Wigglesworth v. Steers

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Wigglesworth v. Steers, 11 Va. (1 Hen. & M.) 69 (1806),[1] was a case where the Court determined whether a plaintiff can avoid a contract because the deal was made while he was drunk.


Steers was an alcoholic and was drunk during a dinner. Around midnight following the dinner, Wigglesworth convinced Steers to convey his property in exchange for lands in Kentucky. Some witnesses believed Steers was still drunk while this conversation occurred. Wigglesworth gained possession of Steers’ land but never conveyed to Steers the land in Kentucky, often promising but failing to execute a deed. Under these circumstances, Steers died without a will and his heirs sued Wigglesworth for breach of contract and for fraudulently obtaining the contract. Steers’ heirs prayed the Court would return the land and account for any profits Wigglesworth received while the land was in his possession.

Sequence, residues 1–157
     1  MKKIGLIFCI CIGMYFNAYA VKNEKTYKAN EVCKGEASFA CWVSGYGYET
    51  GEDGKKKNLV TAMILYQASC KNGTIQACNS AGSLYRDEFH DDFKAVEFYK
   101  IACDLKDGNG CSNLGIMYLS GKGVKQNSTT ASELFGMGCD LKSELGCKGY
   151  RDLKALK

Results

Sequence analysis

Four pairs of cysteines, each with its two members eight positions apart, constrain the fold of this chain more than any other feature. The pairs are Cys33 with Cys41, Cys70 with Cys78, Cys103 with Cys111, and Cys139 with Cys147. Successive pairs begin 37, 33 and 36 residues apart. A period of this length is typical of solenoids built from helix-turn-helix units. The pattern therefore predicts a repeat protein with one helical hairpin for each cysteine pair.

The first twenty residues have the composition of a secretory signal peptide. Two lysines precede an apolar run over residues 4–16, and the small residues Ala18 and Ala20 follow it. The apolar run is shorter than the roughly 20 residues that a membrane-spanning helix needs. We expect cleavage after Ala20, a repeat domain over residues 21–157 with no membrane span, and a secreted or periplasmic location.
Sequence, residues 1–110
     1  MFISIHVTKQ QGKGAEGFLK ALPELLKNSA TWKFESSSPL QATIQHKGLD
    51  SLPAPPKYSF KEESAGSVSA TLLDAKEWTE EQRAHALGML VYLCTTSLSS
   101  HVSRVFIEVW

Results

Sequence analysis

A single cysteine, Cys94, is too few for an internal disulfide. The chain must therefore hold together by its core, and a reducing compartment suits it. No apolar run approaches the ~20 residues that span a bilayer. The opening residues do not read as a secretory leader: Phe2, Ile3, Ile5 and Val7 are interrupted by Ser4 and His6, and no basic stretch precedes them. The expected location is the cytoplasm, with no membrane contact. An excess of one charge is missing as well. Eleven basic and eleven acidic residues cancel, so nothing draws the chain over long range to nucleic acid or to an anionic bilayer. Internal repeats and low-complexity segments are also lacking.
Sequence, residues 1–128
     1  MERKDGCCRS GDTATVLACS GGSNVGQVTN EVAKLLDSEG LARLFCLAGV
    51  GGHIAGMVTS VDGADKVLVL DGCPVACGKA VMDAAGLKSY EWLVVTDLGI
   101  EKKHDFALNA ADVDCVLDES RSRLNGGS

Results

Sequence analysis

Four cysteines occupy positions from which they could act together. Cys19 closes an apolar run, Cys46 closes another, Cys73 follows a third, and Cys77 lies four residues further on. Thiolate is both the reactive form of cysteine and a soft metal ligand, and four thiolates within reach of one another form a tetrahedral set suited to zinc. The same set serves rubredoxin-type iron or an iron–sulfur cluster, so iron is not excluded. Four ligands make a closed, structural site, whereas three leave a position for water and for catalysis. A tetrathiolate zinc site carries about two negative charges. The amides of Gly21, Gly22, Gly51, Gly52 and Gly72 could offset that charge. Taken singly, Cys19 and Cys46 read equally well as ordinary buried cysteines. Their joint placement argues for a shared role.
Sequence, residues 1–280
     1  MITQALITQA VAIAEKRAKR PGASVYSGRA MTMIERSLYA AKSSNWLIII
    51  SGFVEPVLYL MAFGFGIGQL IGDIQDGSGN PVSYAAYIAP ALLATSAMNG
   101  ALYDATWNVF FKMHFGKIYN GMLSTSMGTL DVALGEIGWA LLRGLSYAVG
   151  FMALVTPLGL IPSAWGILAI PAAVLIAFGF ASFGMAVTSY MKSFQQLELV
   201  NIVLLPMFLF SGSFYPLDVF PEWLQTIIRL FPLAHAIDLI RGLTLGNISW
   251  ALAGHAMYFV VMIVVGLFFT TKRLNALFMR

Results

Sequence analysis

The Court's Decision

The Court of Spotsylvania annulled the contract and ordered Wigglesworth to redeliver the land to Steers’ heirs without any account of the profits. Both Chancellor Wythe and the Court of Appeals affirmed.

See also


  1. William Hening & William Munford, Reports of Cases Argued and Determined in the Supreme Court of Appeals of Virginia: With Select Cases, Relating Chiefly to Points of Practice, Decided by the Superior Court of Chancery for the Richmond District (Flatbush, N.Y.: I. Riley, 1809), 1:69.